Back to Bach: The Secret Truth Behind the End of Great Church Music?

Graduale Aboense, hymn book of Turku, Finland....
Graduale Aboense, hymn book of Turku, Finland. 14th-15th century. (Photo credit: Wikipedia)
The church used to be the home to phenomenal classical music like Bach's cantatas, Gregorian Chant, and Handel's oratorios. What happened? What changed church music from being great to being a set list of repetitive 7/11 songs? What have we lost? 

As a musician of over two decades, I have performed numerous Easter cantatas, Christmas programs, and music specials both as a professional and as a church patron. In 2008 I wrote a prize-winning sacred oratorio, Creation. Though I would hate to say it, I have to admit that the overall quality of the contemporary church musical repertoire seems low, with songs and cantatas riding the line between unimaginative and silly. I am not questioning their effectiveness in their overall purpose, but musically these works pale in comparison with the incredible masterpieces of Bach, Handel, or even contemporary composers John Rutter and Eric Whitacre.

When did the church stop being the patron of the arts? And why?

Historically, the Catholic Church remained one of the primary patrons of the arts until the Age of Enlightenment took hold. During the Middle Ages, the monks and nuns remained the educated class, penning both notes and sacred texts with amazing speed and anonymity. Over the next several hundred years, the Church hired the most talented classical composers and musicians in the region. Composers such as J.S. Bach and Frederic Handel composed sacred masterpieces.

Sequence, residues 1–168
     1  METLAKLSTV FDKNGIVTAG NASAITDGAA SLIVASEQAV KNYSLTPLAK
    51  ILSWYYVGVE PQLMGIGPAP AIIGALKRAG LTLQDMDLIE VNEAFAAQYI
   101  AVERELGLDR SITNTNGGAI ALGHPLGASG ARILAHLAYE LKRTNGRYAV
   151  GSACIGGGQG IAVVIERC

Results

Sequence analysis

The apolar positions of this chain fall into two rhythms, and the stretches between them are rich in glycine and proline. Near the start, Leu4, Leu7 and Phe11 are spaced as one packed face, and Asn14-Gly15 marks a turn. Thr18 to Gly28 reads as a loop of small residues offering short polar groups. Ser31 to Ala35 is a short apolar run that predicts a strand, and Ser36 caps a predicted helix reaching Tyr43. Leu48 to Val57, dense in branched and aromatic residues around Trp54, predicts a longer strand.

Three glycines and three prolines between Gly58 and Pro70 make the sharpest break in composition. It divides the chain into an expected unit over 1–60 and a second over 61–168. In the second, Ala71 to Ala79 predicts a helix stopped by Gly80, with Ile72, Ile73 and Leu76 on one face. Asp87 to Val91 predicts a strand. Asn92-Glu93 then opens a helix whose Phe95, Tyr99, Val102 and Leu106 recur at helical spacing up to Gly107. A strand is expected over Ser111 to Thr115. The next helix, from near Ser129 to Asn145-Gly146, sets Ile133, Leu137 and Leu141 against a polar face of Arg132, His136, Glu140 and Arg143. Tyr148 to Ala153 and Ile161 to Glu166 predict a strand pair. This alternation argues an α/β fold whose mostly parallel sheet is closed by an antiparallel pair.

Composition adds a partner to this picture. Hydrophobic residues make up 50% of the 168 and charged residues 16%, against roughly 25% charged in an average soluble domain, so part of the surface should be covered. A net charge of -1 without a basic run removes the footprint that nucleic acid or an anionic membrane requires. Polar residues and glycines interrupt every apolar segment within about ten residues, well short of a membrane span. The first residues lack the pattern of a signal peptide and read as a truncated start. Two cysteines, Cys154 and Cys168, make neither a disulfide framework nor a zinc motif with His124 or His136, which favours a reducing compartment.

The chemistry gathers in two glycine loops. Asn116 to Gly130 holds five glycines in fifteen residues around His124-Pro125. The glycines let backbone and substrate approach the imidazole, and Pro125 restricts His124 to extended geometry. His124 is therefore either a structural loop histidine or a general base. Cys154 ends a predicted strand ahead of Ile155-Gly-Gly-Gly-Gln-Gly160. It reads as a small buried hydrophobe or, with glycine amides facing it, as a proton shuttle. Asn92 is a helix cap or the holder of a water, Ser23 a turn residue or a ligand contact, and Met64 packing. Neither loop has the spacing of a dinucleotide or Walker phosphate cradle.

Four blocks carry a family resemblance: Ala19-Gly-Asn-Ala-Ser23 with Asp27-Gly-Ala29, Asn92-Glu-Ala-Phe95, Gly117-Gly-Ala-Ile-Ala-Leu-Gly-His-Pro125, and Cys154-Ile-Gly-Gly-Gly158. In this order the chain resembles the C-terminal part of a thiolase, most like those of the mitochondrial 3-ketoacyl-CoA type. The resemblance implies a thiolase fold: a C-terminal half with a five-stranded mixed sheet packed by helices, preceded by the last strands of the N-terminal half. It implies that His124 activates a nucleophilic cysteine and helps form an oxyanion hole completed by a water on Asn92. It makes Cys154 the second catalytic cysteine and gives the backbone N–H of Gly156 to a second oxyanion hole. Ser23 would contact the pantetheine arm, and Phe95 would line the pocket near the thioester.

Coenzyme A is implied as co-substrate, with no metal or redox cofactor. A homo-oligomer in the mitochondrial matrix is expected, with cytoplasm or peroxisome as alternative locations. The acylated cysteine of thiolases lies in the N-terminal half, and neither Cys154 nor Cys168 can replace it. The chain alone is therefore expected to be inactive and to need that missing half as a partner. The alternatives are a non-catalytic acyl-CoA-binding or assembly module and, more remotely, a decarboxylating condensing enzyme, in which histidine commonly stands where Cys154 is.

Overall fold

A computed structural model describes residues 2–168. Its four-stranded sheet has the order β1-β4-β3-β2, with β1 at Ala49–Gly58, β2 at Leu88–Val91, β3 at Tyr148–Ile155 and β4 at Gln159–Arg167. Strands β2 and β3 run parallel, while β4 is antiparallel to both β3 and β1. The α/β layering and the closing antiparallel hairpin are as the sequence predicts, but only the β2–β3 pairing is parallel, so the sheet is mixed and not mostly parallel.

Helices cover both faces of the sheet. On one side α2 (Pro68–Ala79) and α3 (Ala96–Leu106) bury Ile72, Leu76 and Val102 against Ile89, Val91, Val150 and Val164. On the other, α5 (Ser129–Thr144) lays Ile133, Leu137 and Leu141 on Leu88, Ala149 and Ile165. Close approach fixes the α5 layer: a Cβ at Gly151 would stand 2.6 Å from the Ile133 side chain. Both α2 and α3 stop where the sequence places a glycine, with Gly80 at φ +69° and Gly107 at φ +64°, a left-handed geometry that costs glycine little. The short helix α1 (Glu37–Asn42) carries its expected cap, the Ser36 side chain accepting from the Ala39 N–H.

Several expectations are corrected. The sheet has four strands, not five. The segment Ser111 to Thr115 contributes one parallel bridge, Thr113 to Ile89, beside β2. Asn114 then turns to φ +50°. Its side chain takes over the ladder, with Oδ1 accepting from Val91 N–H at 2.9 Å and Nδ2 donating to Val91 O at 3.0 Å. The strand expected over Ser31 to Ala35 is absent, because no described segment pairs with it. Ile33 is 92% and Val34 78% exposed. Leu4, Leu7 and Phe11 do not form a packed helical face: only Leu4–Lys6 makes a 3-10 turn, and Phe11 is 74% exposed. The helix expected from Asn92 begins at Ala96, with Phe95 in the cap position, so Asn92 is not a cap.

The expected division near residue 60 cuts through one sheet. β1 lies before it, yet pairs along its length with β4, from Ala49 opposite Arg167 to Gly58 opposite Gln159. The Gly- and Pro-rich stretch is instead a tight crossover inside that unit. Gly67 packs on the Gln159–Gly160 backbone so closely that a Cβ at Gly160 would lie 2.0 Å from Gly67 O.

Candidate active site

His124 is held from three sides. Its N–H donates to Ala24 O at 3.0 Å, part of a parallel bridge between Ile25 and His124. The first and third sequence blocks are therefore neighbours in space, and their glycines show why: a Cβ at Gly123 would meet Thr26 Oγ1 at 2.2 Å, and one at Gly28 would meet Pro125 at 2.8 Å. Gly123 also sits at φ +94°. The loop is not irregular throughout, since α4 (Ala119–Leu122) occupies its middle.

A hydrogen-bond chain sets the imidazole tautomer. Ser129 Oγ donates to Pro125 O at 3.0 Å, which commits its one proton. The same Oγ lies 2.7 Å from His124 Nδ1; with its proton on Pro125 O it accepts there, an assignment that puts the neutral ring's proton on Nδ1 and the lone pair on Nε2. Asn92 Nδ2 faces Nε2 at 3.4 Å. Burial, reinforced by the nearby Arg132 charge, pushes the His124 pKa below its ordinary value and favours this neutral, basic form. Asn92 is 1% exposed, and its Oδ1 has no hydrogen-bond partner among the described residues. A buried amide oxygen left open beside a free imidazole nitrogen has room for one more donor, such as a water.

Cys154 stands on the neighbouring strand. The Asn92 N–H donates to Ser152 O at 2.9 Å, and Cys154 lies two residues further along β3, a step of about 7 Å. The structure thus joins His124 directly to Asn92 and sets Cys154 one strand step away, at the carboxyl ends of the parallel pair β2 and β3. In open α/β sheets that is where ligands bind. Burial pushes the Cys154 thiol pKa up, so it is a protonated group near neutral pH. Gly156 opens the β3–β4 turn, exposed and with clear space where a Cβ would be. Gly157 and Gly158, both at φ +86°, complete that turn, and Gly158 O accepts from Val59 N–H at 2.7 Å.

Creation Oratorio Highlights Reel

However, by the 20th century, the Church no longer held the honor of being primary patron of the arts. Even the monarchy did not hire the majority of composers. Instead, composers in the 20th century found that wealthy patrons, educational institutions, governments, and professional music institutions were much more likely to pay the bills than a temporary post as a church minister (though many still took such posts).

The 20th century church no longer attracted the most talented musicians and composers. Instead, religious institutions in general needed to rely on the talents of amateur choirs, poorly trained music arrangers (who relied on software to churn out hundreds of mediocre songs), and the cannibalistic music industry.

The music publishing monster encouraged the created of substandard praise songs, poorly constructed cantatas, and mediocre anthems which attempted to copy more popular secular songs. By the end of the 20th century, the music industry had managed to copy nearly every major secular musical style, from Christian rave music to sacred hip hop. Not all of the artists shared the same monetary motivation as big the big music giants, and many fell into the hands of eager music executives desperate to church out the next Christian version of Britney Spears, Jonas Brothers, or Hannah Montana.